Habendum Clause

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Definition: Habendum Clause

Habendum Clause is a clause in a deed or lease defining type of interest/rights available to the grantee or lessee. A clause in real estate – is usually a contingency clause defining conditions/actions to be met in order for a binding real estate contract. The contingency clause becomes part of a binding sales contract when both buyer and seller agree to the terms of the contract and sign on it.

A Habendum clause in specific is a section in real estate contracts granting transfer of property ownership without any restrictions(It provides a comprehensive description of the ownership rights of the transferee of such property.). The owner of a property with such a clause has absolute ownership of the property, he can sell it, bequeath it, etc in accordance with government laws and powers. Typically, in a deed or contract the hadendum clause begins with the phrase, “to have and to hold”, and hence the habendum clause is popularly referred to as the “to have and to hold clause”.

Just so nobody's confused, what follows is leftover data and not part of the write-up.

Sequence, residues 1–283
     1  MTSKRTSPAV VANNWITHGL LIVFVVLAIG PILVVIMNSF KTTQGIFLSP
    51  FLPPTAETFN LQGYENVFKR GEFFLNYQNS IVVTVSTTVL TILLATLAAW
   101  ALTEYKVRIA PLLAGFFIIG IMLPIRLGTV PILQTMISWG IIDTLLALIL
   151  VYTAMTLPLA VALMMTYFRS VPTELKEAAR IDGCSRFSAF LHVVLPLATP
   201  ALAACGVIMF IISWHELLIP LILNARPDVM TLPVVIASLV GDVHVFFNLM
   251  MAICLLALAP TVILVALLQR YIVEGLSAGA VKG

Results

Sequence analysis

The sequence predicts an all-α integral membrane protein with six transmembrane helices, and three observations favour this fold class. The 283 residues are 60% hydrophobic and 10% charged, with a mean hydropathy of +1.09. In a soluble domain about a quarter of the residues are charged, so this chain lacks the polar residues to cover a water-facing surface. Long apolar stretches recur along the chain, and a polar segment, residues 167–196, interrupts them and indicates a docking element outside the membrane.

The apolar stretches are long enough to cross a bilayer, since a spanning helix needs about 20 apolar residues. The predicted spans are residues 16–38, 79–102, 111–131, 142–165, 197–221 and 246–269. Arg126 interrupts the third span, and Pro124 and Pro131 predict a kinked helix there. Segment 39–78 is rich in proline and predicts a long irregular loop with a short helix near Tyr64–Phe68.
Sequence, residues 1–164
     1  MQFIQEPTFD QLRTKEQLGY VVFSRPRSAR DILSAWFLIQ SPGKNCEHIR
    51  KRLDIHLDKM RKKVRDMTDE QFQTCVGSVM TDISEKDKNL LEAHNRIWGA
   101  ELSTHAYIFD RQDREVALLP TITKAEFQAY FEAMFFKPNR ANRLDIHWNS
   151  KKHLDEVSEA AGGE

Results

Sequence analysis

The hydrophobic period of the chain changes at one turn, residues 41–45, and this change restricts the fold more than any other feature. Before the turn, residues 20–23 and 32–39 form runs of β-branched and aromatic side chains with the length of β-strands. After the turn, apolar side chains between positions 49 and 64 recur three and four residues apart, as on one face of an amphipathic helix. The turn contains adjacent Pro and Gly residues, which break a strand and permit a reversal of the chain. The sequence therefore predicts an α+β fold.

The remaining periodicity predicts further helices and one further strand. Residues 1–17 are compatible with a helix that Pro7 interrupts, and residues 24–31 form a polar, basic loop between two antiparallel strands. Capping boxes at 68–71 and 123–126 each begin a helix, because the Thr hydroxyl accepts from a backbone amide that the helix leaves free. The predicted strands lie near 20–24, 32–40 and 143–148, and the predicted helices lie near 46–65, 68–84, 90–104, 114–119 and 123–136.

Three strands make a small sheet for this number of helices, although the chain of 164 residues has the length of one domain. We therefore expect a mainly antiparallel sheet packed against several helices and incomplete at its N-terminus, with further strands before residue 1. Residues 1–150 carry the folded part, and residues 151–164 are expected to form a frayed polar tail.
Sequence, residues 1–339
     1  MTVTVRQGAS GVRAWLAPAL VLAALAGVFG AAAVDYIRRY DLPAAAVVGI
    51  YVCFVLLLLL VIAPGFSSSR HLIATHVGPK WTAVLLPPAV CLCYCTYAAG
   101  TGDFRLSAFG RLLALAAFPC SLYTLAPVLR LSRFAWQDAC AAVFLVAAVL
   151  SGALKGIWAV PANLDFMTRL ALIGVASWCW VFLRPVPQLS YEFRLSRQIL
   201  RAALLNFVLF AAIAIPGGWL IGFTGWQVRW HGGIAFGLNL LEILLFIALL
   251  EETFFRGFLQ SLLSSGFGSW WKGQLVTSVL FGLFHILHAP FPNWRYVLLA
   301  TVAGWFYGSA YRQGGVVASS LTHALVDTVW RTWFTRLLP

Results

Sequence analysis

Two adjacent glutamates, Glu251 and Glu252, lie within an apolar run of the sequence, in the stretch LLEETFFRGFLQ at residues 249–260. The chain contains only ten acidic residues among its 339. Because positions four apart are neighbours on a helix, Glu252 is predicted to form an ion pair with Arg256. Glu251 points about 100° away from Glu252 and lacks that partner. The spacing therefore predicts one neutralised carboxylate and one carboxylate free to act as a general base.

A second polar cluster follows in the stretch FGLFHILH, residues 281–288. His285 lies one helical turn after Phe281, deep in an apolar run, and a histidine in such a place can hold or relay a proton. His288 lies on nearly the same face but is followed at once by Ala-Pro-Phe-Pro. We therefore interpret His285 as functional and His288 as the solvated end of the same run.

Habendum Clause is usually a part of an instrument, i.e will or deed defining the extent of interest that is granted or conveyed and the conformant conditions. The clause provisions must be in agreement with those stated in the granting clause. The property title transferred using a habendum clause is called a "fee simple absolute" type transfer. This grants complete ownership of a property, subject to government laws and powers.

Habendum clauses are found in leases, especially oil & gas leases. It can define how long interest granted extends. Oil and gas leases generally provide for a primary and secondary term. The Habendum Clause is usually the part of the Oil & Gas lease definint how long your land will be covered by the lease.

While a granting clause may contain the words of transfer of an interest, a habendum clause defines the estate granted and declares the extent of the interest conveyed.

Example of a Habendum clause:

"To have and to hold the premises herein granted unto the faction of the first part, and to the male heirs of the faction of the first part hereon."

This habendum clause qualifies the estate granted by effectively limiting its inheritance to the sons/male heirs of the grantee.



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